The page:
Over the last five years, I’ve seen Microsoft change as an organisation. While Azure has been around longer, I’ve only been working with the platform since 2012. I’ve seen how Azure has developed and evolved almost organically in line with Microsoft and their vision. It is also evident that there has been a shift in the company’s technology focus to cultural and how it has shaped Microsoft and how they are making a difference in today’s world.
With this, let me talk about Azure DevOps. Azure DevOps is not just about technology. It is a combination of the best of technology and the application of best practices. It is about culture and a change in the way we do things, as well as our mindset. Microsoft recently launched this because they understand that DevOps has become increasingly critical to a team’s success. Azure DevOps captures over 15 years of investment and learnings in providing tools to support software development teams. Further to this, Microsoft has shown their commitment to being the largest contributor on GitHub.
So… Azure DevOps. What is it and why is it a game changer? I set the context above to show how Microsoft have changed and how they want to make difference in many areas and with Azure DevOps. It’s not just about doing things better in Azure but across any cloud and any platform, regardless of application. If you want to break it down, think it as a next-generation VSTS with more integration and with Azure giving you the power build and deliver more efficiently. And the best part is you can get started today and you can try or test it for free.
Post the announcement just over 24 hours ago, I started playing with Azure DevOps and I thought I’d touch on how easy it is to use Azure DevOps. I’ve shown it to those who use other tools and it’s been met with surprise, curiosity and the fact that you can really deploy on any cloud and platform. The other point to note is, it’s easy to use so there’s no real big learning curve. Even those not familiar with VSTS, quickly got hold of it.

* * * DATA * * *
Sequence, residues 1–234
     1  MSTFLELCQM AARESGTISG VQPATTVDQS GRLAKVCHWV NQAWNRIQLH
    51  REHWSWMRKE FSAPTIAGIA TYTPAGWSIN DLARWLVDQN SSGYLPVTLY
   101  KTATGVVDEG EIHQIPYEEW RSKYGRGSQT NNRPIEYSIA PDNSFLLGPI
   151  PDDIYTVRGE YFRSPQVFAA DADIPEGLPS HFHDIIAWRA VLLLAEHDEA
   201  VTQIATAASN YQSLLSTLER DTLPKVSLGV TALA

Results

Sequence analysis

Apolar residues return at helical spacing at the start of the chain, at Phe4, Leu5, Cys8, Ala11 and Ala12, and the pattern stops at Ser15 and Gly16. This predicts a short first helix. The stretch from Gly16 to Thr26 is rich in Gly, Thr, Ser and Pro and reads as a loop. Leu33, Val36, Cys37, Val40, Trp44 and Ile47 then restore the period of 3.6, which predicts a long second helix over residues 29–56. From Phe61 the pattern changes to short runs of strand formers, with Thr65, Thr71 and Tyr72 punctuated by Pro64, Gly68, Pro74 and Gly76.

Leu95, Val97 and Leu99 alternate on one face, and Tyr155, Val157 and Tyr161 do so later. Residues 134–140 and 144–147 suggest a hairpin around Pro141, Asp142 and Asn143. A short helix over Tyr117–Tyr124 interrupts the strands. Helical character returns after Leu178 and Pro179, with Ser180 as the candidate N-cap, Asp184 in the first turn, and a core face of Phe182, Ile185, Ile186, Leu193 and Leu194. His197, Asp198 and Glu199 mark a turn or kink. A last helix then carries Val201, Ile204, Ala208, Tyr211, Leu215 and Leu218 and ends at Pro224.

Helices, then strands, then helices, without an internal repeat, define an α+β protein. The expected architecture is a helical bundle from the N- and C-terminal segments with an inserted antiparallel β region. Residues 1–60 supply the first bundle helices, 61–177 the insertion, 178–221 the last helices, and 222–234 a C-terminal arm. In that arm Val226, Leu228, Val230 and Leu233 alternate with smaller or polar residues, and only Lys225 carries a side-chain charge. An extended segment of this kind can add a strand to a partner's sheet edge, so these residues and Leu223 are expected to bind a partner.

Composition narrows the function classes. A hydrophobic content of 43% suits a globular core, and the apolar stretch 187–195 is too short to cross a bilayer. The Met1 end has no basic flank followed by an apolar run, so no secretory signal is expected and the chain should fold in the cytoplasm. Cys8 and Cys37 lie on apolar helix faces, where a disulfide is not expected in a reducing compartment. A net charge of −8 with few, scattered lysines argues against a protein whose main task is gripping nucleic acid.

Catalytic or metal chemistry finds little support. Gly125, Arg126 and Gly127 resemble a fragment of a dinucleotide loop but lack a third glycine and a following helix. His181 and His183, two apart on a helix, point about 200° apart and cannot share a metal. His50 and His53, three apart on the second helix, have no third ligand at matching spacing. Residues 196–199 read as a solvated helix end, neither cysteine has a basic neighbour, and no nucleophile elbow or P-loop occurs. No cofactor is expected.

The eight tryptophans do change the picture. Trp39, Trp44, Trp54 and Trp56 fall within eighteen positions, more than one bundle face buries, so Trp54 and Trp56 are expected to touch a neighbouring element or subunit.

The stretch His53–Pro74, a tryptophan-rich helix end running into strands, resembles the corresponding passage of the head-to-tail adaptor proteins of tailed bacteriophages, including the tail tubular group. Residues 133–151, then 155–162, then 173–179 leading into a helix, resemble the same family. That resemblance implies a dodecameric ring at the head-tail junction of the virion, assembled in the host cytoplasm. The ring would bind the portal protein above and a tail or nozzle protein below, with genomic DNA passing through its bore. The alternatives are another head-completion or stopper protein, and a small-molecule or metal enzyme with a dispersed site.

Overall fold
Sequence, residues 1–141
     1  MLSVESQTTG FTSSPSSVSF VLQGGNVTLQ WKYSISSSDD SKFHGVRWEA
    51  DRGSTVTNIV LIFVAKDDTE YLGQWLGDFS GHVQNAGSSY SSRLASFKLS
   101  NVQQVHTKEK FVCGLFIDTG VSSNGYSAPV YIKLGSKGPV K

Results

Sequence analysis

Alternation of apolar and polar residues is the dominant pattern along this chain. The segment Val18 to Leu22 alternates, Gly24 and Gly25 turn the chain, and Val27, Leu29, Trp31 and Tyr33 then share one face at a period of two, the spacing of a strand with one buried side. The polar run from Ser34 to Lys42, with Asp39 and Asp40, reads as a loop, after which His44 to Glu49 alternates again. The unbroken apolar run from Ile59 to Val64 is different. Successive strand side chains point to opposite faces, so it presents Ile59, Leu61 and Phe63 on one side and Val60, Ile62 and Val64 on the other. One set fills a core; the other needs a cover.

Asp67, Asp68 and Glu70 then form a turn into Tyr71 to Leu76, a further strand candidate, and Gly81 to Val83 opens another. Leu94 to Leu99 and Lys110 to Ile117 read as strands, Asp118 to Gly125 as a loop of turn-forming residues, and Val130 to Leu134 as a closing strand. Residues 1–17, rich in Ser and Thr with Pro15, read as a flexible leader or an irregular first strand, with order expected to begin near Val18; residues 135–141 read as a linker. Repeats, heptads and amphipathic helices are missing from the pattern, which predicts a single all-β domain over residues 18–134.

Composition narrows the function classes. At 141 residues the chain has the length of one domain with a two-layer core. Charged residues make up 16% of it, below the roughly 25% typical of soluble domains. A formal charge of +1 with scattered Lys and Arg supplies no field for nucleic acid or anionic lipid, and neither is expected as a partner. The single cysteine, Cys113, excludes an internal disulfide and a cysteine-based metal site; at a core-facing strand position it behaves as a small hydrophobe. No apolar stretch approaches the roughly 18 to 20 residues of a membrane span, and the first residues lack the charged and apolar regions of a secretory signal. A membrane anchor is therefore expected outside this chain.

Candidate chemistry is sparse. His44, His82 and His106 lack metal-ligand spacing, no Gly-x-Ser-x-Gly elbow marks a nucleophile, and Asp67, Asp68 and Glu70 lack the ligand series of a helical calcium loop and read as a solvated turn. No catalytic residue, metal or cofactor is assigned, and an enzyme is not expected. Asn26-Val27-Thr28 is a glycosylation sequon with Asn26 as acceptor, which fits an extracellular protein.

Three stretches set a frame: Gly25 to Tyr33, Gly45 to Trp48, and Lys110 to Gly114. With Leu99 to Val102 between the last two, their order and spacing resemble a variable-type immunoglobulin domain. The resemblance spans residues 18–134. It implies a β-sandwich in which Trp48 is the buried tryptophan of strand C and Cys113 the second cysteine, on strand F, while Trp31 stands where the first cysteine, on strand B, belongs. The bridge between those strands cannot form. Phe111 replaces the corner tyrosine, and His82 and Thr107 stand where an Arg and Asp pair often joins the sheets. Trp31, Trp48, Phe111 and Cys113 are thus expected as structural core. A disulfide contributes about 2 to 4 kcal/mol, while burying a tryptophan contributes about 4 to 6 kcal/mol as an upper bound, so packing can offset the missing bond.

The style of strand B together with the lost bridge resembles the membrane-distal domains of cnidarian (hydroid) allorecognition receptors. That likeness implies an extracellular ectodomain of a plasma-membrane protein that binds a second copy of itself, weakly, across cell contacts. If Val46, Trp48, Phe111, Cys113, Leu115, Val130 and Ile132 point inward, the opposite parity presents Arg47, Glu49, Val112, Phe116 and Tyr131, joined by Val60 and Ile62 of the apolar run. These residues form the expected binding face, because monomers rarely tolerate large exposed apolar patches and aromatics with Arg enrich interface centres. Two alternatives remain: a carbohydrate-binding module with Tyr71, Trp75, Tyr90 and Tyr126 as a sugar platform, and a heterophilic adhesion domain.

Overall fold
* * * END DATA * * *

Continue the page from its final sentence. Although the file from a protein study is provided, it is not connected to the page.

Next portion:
If you’re all about CI/CD, Azure Pipelines will be your playground allowing you to deploy to Azure, AWS, and GCP and has native container support. And no, it’s not just Windows, bring on Linux and Mac. In addition, if you’re creating an Open Source Project, you’ll get unlimited build minutes from Azure Pipelines, further showcasing the power of the tools, Azure as well Microsoft’s confidence and commitment to developers and having clouds and tools for all.
Adding that new pipeline is as easy as selecting your location, confirming and connecting to your repository. From there, it will analyze the source and depending on the application, make recommendations on templates you can use. Once you’ve selected your template, you can then modify the code if necessary before saving and running.
If you want to build applications, you can use a Microsoft-hosted agent located within the agent pools. You don’t have to worry about firing up your own Virtual Machines. You can select Windows, Linux, and MacOS agents. The capability is within reach. All you need to focus on is the code.
You may be wondering, what if there are specific scenarios such as security requirements or whether a bespoke agent is required so the code is only in that place. This is fully supported and you have the ability to run and deploy. Adding tasks to your pipeline is just as easy. If you want containers, you don’t have to be a Kubernetes expert to deploy to a Kubernetes cluster either. Using the interface, it’s easy as filling in the configuration and simple kubectl commands. The point, is here that you can take the code and deploy it easily and effectively.
The UI is also really intuitive and within a couple of minutes, you can be on your way to deploying your app all from one interface. Looking at the screenshot I took above, there’s a lot more than just building out pipelines. You can plan out your work with Azure Boards, set up dashboards, reporting and use the built-in tools to get things done and be more agile. There’s the ability to visualise your flow and view traceability through the user interface on your board. You can even create branches in the board. Azure Artifacts which allows you to share, manage and create your packages with your team and it’s all in one place. Azure Repos is your private Git Repository service available to you. Last, there are Test Plans available where you can hold and manage all of your test data.
I’ve just touched on the capabilities of Azure DevOps. I would recommend that it will be best for you to try it and see how it can work for you. After taking all of that in, it’s easy to understand why this is such a game changer and why Microsoft are really making a big impact in many areas.
So how do you get started? Check out: http://azure.com/devops
If you have any questions, fill out the form below if you’d like help with Azure DevOps. Someone from our team will be in touch!